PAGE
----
Excessive speed is one of the biggest dangers on UK roads. In fact, it ranks in the top five for causes of fatalities in road traffic accidents.
There are many ways to deter would-be speeders, but one of the most effective is installing speed bumps in problem areas.
Here we’ll look at how and why they are so effective, and how you can go about getting them if speeding cars are an issue in your area.
What is a speed bump?
Speed bumps are traffic calming devices in which the road is raised – either using an asphalt mound or with strips fixed to the tarmac.
When approaching a speed bump, drivers face either adhering to the speed limit in the area and a light bounce when passing across it, or potentially damaging their car and suffering an uncomfortable rattle if they go over too fast.
There are a number of regulations and rules surrounding the installation of speed bumps to ensure that they are used in appropriate areas and in a safe manner that does not endanger road users or pedestrians.
Advantages of installing speed bumps
- They work: They’re simple, but effective! Even the most determined of speeders don’t want to risk damaging the pride and joy or even potentially hurting themselves by speeding over a bump and losing control.
- Protection for pedestrians: With slower speeds in problem areas, it means fewer risks to people to the side of the road too. Forcing cars to slow down means pedestrians can see motorists coming.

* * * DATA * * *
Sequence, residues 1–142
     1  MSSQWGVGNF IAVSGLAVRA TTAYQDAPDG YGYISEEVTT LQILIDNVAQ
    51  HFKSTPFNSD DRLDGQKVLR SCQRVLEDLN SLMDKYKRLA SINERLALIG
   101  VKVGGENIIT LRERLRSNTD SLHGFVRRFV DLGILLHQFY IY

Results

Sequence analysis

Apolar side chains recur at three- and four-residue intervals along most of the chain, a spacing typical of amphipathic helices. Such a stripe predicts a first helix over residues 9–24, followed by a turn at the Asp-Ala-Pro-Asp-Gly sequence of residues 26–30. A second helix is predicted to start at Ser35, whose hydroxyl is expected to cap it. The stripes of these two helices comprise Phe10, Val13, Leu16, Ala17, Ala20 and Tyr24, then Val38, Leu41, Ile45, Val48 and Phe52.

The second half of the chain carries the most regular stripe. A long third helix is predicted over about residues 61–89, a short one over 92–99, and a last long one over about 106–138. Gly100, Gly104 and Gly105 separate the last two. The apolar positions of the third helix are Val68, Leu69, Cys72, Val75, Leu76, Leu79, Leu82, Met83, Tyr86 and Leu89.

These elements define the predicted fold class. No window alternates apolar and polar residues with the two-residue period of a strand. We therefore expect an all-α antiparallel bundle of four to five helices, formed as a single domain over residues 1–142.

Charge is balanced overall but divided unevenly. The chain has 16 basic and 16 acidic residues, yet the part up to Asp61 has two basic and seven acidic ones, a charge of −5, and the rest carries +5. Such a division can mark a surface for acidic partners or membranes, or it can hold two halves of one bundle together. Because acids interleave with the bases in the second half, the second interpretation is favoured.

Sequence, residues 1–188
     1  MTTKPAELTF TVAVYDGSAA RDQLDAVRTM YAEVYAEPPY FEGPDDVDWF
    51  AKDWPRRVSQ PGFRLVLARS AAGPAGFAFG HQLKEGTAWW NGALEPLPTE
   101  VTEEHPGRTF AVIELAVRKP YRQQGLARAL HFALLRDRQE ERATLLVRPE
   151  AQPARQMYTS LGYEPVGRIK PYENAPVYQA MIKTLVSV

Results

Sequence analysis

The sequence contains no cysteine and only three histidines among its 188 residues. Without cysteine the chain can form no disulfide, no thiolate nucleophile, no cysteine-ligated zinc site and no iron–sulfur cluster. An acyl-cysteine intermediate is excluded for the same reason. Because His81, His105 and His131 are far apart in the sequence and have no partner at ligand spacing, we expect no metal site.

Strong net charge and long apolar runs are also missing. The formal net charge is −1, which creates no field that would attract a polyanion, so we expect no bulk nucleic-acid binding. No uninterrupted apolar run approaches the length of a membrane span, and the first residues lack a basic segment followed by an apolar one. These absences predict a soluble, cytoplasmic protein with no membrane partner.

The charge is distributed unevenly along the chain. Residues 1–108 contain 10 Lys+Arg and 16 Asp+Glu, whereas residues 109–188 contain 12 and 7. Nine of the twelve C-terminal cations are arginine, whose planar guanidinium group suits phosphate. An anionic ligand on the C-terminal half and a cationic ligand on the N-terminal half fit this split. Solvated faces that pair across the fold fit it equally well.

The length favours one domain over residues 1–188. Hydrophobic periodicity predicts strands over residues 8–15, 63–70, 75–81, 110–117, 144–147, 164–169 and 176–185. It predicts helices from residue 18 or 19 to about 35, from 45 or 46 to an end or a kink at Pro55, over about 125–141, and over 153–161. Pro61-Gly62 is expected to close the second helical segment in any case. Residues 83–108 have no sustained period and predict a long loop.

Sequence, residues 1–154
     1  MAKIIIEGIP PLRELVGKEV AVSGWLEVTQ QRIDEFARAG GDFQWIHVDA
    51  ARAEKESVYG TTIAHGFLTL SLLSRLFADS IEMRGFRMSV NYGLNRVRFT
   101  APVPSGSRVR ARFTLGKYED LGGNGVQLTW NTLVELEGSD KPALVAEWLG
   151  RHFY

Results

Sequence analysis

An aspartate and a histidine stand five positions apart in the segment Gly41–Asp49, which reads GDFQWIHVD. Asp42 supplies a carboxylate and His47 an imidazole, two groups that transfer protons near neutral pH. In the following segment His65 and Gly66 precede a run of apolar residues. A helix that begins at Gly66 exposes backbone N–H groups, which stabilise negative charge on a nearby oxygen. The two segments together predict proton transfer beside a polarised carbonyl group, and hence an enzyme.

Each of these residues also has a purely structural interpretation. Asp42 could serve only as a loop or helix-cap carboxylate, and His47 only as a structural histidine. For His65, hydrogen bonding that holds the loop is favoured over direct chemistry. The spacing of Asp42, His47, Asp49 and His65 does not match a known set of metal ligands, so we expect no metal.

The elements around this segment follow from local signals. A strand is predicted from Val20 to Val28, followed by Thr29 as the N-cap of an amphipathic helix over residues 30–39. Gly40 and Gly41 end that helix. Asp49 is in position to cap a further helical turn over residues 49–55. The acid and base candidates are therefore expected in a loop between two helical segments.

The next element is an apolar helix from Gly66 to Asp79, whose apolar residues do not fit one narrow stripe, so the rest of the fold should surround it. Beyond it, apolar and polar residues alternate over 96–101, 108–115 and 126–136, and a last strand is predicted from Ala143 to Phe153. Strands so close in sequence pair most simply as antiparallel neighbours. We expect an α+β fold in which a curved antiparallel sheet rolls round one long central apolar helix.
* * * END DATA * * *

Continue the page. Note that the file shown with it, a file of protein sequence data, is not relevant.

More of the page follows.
- Regulating traffic: Putting speed bumps in areas that see high volumes of traffic may prompt people to look for other routes and spread traffic around the area more. It could also lead someone to consider using public transport or walking.
How can you get a speed bump installed?
- Speak to neighbours: If drivers are regularly speeding in an area where you live, then speak to your neighbours and see if it’s something that they have noticed too. They might even know some of the guilty culprits and could convince them to change their ways.
- Check local plans: Get in touch with your local council and see if they have any plans to bring traffic calming measures into place. If plans have not already been made, then your requests could prompt a change for the better.
- Contact the police: It’s the police’s job to enforce speed limits on our roads, so you should reach out to your local force if you suspect people are regularly breaching this in your local area. The police may be able to put local speed tests in place to catch those breaking the law and punish them, putting off would-be speeders in the future.